Dr. Goodwin jumps in to referee a game of
“It’s not just livestock,”
State 4-H coordinator Jeff Goodwin emphasizes, for perhaps the thousandth time
during his career. 4-H includes a variety of activities to increase youths’
health, well-being, leadership skills, and community engagement, and it
continues to add to its repertoire, incorporating STEM-focused activities such
as rocketry. Rearing and showing cows, pigs, chickens, and goats is still an
important part of the venerable organization. But even here, the focus is not
just on the animals but also on the skills, from time-management to
recordkeeping to simple patience and respect, that the kids who raise them
New to his position—he just came to Hawai‘i last
year from Colorado—Dr. Goodwin identifies the greatest challenge here as
growing what’s still perceived as primarily a rural organization in urban
Honolulu. He’s done it in the city of Denver, though, and he’s ready to do it
support 4-H and the children it it, devoting more than 40,000 hours annually.
He’s getting plenty of help, including the 500-plus
volunteers who support the program and the children in it. Some fifty or sixty
4-H community clubs are active throughout the Islands, as well as around 100
military clubs, at least one on every base throughout the state and elsewhere
in the Pacific. Upwards of 3,200 youth in the state ages 5 to 19 participate.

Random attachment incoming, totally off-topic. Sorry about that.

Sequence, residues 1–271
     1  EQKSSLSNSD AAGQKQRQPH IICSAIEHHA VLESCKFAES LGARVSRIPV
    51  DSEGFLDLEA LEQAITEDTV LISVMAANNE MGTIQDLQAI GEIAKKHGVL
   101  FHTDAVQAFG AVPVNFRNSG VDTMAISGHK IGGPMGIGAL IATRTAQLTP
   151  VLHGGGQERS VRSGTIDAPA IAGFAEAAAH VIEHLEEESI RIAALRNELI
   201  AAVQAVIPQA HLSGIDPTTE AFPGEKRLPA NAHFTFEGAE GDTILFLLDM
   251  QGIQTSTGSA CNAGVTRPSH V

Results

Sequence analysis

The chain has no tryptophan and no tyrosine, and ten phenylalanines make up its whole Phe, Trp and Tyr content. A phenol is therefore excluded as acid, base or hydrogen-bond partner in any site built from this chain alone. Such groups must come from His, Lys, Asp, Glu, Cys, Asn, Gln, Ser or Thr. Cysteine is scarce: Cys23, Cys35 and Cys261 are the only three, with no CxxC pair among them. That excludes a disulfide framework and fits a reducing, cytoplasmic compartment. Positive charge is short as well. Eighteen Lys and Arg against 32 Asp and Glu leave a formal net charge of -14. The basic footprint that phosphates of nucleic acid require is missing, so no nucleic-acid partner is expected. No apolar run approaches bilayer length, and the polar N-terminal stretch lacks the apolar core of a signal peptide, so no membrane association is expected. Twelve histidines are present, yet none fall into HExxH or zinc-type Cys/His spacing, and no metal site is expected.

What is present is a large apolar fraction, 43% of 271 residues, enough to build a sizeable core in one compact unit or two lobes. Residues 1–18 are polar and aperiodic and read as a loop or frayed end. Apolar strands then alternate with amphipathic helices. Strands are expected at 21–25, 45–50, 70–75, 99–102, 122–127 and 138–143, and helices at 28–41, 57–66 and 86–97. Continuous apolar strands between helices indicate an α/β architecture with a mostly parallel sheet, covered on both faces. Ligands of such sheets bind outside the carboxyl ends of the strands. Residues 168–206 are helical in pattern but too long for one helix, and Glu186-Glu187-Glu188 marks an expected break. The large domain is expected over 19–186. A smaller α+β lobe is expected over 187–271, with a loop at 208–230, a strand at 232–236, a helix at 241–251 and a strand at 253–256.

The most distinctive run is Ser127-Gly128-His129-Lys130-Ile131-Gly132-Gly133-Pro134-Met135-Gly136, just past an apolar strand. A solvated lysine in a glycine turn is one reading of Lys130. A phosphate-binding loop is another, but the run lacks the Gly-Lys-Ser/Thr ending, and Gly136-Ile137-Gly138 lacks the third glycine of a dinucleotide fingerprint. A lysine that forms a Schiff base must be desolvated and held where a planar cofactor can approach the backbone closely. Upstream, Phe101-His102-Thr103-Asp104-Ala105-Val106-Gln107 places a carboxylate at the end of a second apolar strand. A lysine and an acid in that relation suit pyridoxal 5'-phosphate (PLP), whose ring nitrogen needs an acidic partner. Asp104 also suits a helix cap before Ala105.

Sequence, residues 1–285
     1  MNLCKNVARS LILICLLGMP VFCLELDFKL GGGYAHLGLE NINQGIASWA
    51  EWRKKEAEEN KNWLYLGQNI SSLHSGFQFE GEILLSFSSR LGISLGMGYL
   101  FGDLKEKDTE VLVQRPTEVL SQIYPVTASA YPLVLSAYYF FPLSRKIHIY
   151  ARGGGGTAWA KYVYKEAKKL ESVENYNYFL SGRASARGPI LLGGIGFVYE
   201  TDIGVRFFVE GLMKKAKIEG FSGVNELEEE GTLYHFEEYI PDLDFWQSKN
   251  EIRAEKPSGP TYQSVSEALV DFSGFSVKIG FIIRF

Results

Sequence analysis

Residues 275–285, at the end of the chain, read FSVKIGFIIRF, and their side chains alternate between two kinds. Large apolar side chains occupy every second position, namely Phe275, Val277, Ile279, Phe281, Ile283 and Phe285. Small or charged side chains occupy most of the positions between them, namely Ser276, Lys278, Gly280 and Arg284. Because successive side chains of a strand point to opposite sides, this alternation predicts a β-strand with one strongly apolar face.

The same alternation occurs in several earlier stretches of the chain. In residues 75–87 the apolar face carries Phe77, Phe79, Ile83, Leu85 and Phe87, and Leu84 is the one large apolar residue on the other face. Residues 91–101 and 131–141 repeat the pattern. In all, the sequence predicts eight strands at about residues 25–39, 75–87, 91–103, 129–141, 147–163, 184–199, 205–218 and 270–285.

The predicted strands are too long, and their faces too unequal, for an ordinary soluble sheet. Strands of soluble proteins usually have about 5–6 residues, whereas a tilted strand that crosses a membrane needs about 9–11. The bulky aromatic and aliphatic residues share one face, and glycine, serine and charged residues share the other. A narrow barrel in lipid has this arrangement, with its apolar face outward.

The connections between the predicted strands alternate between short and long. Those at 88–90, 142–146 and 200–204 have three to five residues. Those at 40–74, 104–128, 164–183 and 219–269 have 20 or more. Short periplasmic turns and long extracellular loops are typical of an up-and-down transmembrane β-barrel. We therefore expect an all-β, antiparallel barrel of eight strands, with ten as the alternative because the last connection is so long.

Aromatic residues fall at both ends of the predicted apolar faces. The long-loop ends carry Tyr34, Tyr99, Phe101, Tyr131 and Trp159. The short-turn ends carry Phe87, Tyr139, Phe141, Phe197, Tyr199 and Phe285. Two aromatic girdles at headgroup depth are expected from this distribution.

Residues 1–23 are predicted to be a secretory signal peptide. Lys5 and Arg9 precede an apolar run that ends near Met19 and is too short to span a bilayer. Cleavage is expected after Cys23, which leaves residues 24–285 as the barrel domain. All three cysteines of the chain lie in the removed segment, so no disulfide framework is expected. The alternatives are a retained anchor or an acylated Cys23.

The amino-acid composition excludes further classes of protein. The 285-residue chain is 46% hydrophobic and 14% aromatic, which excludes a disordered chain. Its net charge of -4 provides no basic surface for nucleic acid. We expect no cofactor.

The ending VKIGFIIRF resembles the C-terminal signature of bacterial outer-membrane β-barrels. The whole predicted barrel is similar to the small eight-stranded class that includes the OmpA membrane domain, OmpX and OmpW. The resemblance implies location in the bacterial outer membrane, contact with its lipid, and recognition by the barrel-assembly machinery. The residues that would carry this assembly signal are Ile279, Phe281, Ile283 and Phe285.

And with only four dedicated faculty agents in the college, the work 4-H does
would be literally impossible without these volunteers, who contribute more
than 40,000 hours annually, at a value of almost $1 million, to the program.
Many of the volunteers begin because their own
children are involved with the program but continue on after they graduate.
Others join because of their own positive memories of 4-H as kids. “We have
lots of multi-generation 4-H families,” Dr. Goodwin concurs. Older youth
participants also volunteer to mentor the younger members.
All the volunteers are supervised by the agents and
Dr. Goodwin, but there’s room for personal initiative, too: they lead
activities that interest them. They go through orientation training and
periodic supplemental training to gain new skills and knowledge, from fiscal
issues to how to keep learning fun.
Not to mention Dr. Goodwin’s newest introduction to
the Island clubs: shooting sports, such as drilling and marksmanship. One of
the most popular activities on the Mainland, it should considerably boost
youth engagement here. And not to worry, he reassures: the volunteers will get
plenty of training before guiding that activity.